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sábado, 31 de diciembre de 2016

“God’s Servant First: The Life and Legacy of Thomas More,” Washington, D.C.


GOD’S SERVANT FIRST



A unique exhibit, “God’s Servant First: The Life and Legacy of Thomas More,” opened Friday, Sept. 16, at the Saint John Paul II National Shrine in Washington, D.C. It is the only location where the exhibit will appear in the United States.
The exhibit will be open daily from Sept. 16, 2016 until March 31, 2017. Additional information is available at:www.jp2shrine.org/jp/en/news/thomas-more-exhibit.html
The exhibit includes artifacts never before displayed in the United States as well as relics of St. Thomas More. More was lord high chancellor of England under King Henry VIII from 1529 to 1532. He sacrificed prestige, influence, and ultimately his life because he refused to betray his religious convictions.

Declaring Thomas More the patron saint of statesmen and politicians in 2000, St. John Paul II said More’s life and martyrdom offer a testimony that “spans the centuries” and “speaks to people everywhere of the inalienable dignity of the human conscience.” The title of the Washington exhibit is inspired by the words believed to be More’s last: “I die the King’s good servant, and God’s first.”

Organized and sponsored by the Knights of Columbus and the Christian Heritage Centre at Stonyhurst, England, the exhibit features over 60 artifacts, most of which are from the Stonyhurst College Collections.

Right Honorable Lord Alton of Liverpool , chairman of the Christian Heritage Centre at Stonyhurst, said, “The exhibition highlights the contemporary relevance of St. Thomas More, particularly in relation to the widespread religious persecution that continues daily in the Middle East, Pakistan, North Korea and many other places across the globe.”

Patrick Kelly, executive director of the shrine, said, “Even 500 years after his death, Thomas More's example remains thoroughly modern. He is an eloquent example of courageous Christian discipleship, and it is our hope that this exhibit will inspire others to imitate his virtues and his extraordinary fidelity to God and to a well-formed conscience.”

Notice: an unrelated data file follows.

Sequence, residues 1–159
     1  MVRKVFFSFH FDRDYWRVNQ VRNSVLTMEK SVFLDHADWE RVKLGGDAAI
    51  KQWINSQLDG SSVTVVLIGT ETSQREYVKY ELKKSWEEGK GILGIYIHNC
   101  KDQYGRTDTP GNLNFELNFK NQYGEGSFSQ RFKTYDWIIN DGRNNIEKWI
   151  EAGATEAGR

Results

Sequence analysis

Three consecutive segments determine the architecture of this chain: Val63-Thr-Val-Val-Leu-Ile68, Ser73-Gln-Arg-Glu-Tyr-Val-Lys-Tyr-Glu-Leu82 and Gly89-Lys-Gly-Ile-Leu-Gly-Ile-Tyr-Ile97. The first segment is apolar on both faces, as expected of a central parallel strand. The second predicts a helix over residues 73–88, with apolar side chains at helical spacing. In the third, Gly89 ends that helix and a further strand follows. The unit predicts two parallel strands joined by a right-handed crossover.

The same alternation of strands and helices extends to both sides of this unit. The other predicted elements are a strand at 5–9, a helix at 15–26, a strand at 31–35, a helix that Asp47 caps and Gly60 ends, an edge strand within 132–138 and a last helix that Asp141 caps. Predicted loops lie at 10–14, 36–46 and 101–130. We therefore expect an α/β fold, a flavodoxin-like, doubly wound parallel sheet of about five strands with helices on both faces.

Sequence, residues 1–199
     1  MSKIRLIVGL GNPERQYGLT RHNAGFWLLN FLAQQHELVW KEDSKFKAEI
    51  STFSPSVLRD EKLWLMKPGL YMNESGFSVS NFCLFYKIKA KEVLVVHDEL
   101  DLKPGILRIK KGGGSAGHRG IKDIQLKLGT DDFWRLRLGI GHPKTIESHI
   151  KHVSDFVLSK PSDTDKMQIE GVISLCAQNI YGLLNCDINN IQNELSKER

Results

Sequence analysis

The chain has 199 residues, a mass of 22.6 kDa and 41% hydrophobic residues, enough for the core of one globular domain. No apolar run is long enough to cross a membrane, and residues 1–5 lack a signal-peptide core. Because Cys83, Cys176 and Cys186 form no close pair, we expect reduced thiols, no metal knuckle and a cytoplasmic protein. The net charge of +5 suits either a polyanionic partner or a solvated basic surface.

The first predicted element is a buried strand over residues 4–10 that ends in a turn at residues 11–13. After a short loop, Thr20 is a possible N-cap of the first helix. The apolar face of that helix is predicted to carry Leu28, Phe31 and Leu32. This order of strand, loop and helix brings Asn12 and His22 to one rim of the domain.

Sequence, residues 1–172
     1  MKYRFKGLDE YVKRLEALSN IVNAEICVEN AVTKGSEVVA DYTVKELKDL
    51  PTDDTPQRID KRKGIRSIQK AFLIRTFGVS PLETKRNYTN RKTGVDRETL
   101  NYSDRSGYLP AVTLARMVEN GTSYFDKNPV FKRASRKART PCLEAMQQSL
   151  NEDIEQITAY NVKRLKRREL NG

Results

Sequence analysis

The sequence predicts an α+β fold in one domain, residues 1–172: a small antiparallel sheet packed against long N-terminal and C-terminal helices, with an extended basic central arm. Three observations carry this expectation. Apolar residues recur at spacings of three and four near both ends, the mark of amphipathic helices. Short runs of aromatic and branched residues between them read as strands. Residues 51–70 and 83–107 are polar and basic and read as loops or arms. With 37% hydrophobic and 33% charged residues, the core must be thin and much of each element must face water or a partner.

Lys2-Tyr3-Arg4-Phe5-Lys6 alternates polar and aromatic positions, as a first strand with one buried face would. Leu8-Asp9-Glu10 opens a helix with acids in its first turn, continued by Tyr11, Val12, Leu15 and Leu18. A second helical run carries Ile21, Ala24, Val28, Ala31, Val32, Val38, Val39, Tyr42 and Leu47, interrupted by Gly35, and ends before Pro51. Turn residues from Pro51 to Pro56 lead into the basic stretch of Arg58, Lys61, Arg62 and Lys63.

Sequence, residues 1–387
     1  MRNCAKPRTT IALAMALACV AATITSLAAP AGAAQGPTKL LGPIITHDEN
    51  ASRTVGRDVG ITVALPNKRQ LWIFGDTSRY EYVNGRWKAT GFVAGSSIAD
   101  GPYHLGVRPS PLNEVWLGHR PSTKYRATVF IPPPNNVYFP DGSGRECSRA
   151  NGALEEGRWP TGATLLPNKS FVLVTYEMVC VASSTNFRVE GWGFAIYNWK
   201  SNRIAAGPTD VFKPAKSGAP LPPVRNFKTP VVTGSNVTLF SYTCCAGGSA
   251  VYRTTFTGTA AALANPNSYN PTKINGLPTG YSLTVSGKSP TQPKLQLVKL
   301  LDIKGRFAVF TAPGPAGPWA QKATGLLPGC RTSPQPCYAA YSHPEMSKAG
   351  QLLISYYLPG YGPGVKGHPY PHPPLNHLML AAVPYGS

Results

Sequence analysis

The objects on display include a first folio by William Shakespeare; a hat owned by More; a religious garment embroidered by Katherine of Aragon, the first wife of King Henry VIII; and relics of Sts. Thomas More and John Fisher.

The exhibit also includes the pectoral cross and saddle chalice of John Carroll, the first Catholic bishop in the United States, who was deeply influenced by More’s example in his own work to protect the rights of American Catholics in an era of hostility.

More was executed in 1535 for refusing to recognize Henry VIII as the head of the Church in England. More and Henry had been friends and even worked together on a treatise in defense of the Catholic faith. As a popular and respected statesman, More’s refusal was perceived as an implicit challenge to the legitimacy of the monarch’s claims. Bishop John Fisher was executed within a month of More, on the same charge of treason.

The 20th-century English writer G. K. Chesterton said More “may come to be counted the greatest Englishman, or at least the greatest historical character in English history. For he was above all things historic. … If there had not happened to be that particular man at that particular moment, the whole of history would have been different.”


Read more: www.kofc.org

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